Notes on Memory and Context (and the Decontextualization of Travel)


I have a terrible memory. When I actually stop to think back on my life, to specific moments or sequences of time and events, I often draw a blank. Or if not a blank then a whole bunch of fuzzy blotches punctuated by non sequential images or impressions that may or may not be accurate.

You know that thing I wrote in my bio, about doing all this writing because after X number of years it gets hard to remember where I’ve been?  That wasn’t a throwaway comment. I really can’t remember. It’s like I have early onset Alzheimers or something.

There was a throwaway comment in Bill Bryson’s book, The Lost Continent, where he says something to the effect that when his father died, he had been taken by surprise to find that a part of himself had gone with him. All of the memories his father had held were lost. Memories of his childhood. Memories of people and places and events they had known together.  Those memories made up part of who he was, part of a very complicated puzzle of identity. He wasn’t just himself alone but rather a collection of other people’s memories. When his dad died, he took a chunk of that with him.

When I first read that book, I was in my early 20s and hadn’t spent all that much time away from home. I was still a part of the collective memory of Vancouver Island, of my rather large extended family, of things I’d known for a long time.  I don’t think that line even registered with me. I felt rooted, secure. Everything and everyone was still around me to tell me who I was and where I’d come from.

I reread it recently and it resonated. Not that anyone died recently, no. But I started thinking about how much self, how much memory is held outside the body, in other people, in places, in contexts. When you grow up, you make associations with sounds and smells and tastes and when you meet them again, your memory is jogged. When you know people a long time, you are continually reminding each other of where you’ve been, who you have been, what you have done.

I’ve been travelling a lot for the past couple of decades. New places every year, people coming and going– mostly going. My memories are spread waaaaaaaaay out in so many directions. I have no idea where half those people or places are.


I think I was once in Cairo but I can’t be certain. I did write it down so it must be true.


This morning I discovered that our hotel had face cloths in the bathroom. Facecloths. I hadn’t seen or used a face cloth in years. I squirted some of the lovely lavender bath gel onto it and gave my face a good scrub. And with that I remembered the feeling of the facecloths I had used as a kid growing up in the forest, of the wood frame around our bath tub, of the little window that looked out at the forest at shoulder height.  I remembered chainsaws and howling dogs, gravel roads, trails I cleared in the forest, drawers where certain Archie comics were kept. All those things I had pretty much forgotten about because I hadn’t been anywhere near a face cloth to jog the memory.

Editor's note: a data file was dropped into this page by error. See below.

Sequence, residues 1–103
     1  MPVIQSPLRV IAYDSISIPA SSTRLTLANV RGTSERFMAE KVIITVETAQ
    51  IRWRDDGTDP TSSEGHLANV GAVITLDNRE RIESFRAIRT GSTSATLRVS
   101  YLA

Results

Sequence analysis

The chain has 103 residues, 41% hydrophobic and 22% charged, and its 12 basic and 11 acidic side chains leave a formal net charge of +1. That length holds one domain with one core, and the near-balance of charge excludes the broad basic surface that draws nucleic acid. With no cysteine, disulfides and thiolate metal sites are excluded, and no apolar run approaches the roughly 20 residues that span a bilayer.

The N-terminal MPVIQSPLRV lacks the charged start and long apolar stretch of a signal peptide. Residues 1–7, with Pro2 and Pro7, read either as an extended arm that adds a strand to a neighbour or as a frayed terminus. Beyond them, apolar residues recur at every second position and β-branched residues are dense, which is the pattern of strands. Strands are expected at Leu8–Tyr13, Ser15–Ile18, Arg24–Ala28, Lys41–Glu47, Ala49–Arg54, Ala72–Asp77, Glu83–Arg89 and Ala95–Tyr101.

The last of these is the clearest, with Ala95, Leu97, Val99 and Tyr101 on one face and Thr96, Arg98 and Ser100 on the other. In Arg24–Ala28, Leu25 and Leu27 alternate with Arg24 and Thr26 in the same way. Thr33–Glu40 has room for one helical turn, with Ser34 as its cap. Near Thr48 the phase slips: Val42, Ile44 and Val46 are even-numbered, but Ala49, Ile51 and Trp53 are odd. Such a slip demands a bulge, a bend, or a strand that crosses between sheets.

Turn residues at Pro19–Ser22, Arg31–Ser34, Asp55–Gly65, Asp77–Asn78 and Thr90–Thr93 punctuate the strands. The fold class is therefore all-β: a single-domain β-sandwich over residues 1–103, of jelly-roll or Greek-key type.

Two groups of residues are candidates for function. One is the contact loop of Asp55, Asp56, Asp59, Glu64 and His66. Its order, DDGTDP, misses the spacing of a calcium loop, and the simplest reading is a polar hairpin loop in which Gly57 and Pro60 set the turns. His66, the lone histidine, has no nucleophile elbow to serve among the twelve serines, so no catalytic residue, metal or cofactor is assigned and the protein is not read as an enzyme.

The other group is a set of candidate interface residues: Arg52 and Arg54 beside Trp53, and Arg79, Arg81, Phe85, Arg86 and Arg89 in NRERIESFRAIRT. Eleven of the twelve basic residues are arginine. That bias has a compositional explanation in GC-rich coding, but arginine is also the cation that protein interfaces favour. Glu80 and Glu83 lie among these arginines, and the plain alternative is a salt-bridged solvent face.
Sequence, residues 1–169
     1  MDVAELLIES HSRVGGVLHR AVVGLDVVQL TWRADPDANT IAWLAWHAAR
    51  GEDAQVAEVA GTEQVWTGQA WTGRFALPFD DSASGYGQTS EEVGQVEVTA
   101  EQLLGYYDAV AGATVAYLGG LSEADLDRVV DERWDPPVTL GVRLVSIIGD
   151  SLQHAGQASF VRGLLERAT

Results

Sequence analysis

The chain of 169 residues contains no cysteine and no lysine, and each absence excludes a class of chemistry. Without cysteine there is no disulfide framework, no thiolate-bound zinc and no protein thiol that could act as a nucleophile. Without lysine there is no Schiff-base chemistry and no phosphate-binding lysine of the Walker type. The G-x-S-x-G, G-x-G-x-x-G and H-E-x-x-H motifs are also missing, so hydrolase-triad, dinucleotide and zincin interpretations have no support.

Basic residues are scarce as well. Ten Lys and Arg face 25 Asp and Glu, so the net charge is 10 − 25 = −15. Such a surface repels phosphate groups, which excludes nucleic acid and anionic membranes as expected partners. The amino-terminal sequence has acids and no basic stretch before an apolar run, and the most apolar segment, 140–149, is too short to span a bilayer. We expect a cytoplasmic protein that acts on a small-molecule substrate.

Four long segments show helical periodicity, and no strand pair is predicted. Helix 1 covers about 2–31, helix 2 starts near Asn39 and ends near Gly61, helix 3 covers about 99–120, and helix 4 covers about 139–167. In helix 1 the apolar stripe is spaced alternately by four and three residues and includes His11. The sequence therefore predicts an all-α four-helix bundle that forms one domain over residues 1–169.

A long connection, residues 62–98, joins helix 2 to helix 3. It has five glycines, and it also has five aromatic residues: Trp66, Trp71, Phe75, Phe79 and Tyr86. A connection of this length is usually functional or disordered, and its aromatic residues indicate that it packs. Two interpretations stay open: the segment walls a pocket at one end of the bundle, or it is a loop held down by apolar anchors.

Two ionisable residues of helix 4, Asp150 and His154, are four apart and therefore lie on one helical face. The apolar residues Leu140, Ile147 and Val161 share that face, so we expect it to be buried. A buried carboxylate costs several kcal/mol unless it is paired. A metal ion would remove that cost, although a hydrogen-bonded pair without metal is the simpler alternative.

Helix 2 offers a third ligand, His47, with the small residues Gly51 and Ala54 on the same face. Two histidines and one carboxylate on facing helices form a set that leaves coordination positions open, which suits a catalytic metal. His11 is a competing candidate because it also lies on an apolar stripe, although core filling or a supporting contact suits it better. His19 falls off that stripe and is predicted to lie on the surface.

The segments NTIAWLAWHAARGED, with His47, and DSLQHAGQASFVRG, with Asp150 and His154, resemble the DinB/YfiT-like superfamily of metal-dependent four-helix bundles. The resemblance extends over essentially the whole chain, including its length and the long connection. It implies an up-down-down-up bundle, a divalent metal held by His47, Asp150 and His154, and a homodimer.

There are a lot of other cues and contexts that I haven’t had much of in a long time, things that would keep and build my memory: family, colleagues, friends that stick around longer than a year or two, landmarks, tchotchkes, certain foods, certain sounds, certain smells.

There was a time, a long time ago, when I suddenly found myself in a cafe somewhere in Amsterdam late at night, completely and rather frighteningly decontextualized. I realized I had no idea how I’d got there, where I was meant to go or who I was. That moment passed eventually (space cakes don’t stay in the system forever) but the memory of, well, total memory loss, total decontextualization, stuck with me.  Every so often a similar though less intense feeling hits me when I’m traveling (or when I’m in Shanghai, but tired).  Nothing around me is capable of reminding me of any of my previous incarnations.


I’m pretty sure I was here, because I have photographic evidence.


And so there’s the idea of writing to hold onto those memories when you are away from home, unrooted. I write a lot to tether myself to something. But I’m not to be trusted. I exaggerate. I minimize. I edit. I don’t say things that might hurt people. I don’t talk about people who hurt me. I avoid certain issues. I try to convince myself that things are far better or far worse than they really are.  I make shit up. I once sent home a series of now famed mass emails, detailing the glittering wonders of London at Christmas, with the lights of Oxford street and the loveliness of the decorations and the parties. Not one word in those exuberant emails let on the fact that I was in the middle of a rather horrific break up with my then boyfriend and had spent many days curled up on the floor of phone booths around the city, crying and waiting for it to be morning in Canada so I could call home and be comforted. I cannot be trusted to record my own memory.

My memory, it seems, is made up almost entirely of hyperbole and omission.

For those of you who travel a lot, do you feel anything similar? Or is it just me?


More from the Context series:

Age and the Decontextualization of Travel

Identity and Decontextualization 



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About MaryAnne

I live in Hanoi. I used to live in Shanghai (hence this blog's title) but I left in 2013. I tend to travel. I cook stuff. I read a lot. I try to scare myself silly with regularity. I write about it all. A lot.